It was Ernest Hemingway who said, “Write drunk, edit sober.” I suppose that’s why I felt I could drink while I was writing this. The only problem is that you may know that this quote has been widely debunked.
If that means whiskey and writing don’t mix, then when exactly should you pour yourself a tumbler? Certain social gatherings come to mind, of course, but I like to do something else with my liquor.
I recently bought a bottle in preparation for the birth of my first child. I drank a glass when she arrived. Admittedly, it was several days later. Weeks, actually. When things finally calmed down a bit.
I plan to drink another tumbler on Father’s Day. (It just so happens that this is the next significant milestone.) The purpose of this way of drinking is to mark an occasion. It’s not necessary to become inebriated. Although a little buzz wouldn’t hurt.
Whiskey should be enjoyed and savored. I believe this so much that I’ve invested in a set of sphere-shaped ice molds. I’ve also been gifted a few whiskey stones. I’ve yet to try them, but I will.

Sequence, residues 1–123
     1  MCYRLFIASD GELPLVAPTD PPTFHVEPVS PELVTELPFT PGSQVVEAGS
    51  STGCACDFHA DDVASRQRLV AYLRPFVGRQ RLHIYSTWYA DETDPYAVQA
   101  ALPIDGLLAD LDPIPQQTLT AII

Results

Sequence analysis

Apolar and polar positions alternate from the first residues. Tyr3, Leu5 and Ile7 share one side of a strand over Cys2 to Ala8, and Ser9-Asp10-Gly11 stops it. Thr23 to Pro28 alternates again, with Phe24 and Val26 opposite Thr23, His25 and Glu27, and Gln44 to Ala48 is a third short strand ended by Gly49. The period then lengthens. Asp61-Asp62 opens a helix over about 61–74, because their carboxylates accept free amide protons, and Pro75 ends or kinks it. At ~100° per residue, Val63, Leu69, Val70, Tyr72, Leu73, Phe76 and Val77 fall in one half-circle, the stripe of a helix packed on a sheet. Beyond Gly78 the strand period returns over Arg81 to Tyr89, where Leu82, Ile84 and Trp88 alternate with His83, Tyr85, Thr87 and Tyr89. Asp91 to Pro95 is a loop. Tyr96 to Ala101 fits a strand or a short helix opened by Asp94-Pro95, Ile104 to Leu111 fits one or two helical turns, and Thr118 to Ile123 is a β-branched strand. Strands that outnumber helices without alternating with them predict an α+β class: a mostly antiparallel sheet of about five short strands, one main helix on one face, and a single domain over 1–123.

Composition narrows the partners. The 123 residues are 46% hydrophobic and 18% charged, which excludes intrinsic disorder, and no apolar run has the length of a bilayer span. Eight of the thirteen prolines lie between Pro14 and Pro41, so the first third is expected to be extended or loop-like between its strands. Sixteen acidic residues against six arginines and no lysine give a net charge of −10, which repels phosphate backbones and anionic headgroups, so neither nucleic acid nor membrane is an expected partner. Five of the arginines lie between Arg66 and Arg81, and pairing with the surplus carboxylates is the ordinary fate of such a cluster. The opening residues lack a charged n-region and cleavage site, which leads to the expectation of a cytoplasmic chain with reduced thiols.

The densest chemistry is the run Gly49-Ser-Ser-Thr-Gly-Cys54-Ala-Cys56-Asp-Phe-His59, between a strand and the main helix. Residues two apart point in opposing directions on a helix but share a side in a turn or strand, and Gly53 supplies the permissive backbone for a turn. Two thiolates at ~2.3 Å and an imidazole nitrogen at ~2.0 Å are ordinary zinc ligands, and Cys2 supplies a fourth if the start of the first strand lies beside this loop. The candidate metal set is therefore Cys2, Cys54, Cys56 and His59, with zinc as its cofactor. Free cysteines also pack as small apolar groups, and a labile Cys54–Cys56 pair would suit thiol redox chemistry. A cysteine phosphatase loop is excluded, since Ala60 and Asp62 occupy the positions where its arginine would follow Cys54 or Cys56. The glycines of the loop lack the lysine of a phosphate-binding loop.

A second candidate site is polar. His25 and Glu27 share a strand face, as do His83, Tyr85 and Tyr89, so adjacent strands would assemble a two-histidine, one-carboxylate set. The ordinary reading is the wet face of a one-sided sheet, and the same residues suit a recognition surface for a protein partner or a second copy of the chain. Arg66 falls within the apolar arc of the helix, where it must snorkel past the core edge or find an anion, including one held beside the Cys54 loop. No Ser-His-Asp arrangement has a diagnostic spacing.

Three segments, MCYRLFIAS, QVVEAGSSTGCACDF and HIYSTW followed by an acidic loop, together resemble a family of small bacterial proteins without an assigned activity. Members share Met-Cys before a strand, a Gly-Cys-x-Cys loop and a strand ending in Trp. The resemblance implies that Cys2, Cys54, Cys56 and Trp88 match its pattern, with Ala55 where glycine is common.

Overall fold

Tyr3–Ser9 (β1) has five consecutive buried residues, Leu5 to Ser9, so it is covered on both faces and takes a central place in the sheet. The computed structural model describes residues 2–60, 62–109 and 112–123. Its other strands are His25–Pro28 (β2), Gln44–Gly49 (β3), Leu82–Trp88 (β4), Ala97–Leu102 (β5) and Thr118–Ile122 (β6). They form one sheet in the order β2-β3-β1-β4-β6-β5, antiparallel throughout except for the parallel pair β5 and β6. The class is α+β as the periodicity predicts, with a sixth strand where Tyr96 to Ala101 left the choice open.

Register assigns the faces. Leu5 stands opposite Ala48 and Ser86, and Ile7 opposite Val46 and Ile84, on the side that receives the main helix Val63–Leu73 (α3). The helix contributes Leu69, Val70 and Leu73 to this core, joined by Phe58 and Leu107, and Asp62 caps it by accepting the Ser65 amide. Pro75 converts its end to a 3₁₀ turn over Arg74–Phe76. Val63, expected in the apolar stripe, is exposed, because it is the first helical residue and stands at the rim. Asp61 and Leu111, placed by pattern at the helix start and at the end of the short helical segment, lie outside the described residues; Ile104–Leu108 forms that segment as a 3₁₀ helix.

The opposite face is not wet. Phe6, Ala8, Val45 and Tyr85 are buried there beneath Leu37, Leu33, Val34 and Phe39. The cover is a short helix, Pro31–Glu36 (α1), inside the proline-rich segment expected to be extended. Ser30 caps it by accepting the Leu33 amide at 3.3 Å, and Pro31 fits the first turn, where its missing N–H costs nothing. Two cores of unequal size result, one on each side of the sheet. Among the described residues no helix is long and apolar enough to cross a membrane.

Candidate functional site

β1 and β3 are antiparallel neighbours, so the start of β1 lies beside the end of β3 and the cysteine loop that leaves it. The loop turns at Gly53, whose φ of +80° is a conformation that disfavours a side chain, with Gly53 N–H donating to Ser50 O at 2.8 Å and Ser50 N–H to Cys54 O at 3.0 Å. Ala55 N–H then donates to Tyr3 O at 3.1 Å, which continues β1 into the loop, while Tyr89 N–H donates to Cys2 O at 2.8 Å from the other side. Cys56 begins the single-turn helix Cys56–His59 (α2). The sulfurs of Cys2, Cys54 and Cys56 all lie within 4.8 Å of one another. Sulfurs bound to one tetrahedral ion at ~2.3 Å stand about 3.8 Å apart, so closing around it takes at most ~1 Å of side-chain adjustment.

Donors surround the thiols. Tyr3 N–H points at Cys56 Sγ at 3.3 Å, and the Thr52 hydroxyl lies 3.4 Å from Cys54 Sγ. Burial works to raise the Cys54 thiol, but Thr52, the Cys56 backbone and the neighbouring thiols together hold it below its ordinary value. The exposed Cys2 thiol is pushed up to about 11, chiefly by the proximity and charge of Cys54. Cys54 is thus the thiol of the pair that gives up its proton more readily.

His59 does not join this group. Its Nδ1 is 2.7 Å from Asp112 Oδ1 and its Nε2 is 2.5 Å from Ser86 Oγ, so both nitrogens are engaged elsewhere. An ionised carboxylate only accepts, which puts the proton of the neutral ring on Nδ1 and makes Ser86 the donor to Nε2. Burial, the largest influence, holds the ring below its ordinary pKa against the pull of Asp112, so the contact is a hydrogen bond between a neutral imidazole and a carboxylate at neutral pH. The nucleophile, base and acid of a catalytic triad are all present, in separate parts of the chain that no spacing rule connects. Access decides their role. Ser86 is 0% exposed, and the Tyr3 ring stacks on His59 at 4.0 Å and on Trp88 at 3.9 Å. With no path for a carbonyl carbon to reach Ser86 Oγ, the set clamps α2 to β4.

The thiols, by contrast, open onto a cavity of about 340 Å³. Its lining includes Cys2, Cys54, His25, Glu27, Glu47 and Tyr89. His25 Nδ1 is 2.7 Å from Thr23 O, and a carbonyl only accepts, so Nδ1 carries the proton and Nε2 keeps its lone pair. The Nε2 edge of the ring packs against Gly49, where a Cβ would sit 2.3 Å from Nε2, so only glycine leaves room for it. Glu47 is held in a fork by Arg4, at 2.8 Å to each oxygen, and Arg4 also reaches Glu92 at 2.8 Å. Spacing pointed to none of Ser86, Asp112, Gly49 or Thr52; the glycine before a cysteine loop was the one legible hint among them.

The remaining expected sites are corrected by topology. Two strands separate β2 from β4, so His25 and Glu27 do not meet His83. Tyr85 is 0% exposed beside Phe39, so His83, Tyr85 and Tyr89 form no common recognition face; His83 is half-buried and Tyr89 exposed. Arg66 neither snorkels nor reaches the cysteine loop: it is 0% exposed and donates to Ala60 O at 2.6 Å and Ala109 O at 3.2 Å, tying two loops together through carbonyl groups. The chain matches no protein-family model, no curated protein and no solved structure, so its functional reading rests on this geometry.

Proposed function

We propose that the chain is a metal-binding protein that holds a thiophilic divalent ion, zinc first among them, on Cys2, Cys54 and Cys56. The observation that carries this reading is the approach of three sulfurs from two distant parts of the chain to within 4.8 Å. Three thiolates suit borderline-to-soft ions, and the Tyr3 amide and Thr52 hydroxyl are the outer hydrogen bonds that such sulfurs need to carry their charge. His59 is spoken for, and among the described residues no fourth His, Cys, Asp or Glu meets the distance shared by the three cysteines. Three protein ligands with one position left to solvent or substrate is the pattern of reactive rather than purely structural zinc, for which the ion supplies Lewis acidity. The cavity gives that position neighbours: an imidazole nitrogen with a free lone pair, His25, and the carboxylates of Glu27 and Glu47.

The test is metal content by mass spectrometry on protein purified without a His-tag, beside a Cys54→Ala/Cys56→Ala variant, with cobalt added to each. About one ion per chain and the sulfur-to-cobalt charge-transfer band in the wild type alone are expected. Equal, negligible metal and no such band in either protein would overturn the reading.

Having a drink is not about achieving drunkenness. It can be an event. If I wanted, I could use a Sharpie to mark each occasion on the actual bottle. And it could become a sort of liquid journal.
When it comes to drinking whiskey, I look forward to fall the most. The first day of the season itself may be reason enough to indulge. Thanksgiving certainly will. And for Christmas… Well, this year, I’m eager to try a recipe for Whiskey Eggnog.
And, to be perfectly honest, I’m not even that big a fan of eggnog. (I wasn’t “that big a fan of eggnog” because I hadn’t tried it. And now that I’ve tried it, I like it. I love it. But I think I prefer whiskey straight or sour rather than sweet.)
photo: Michael Mroczek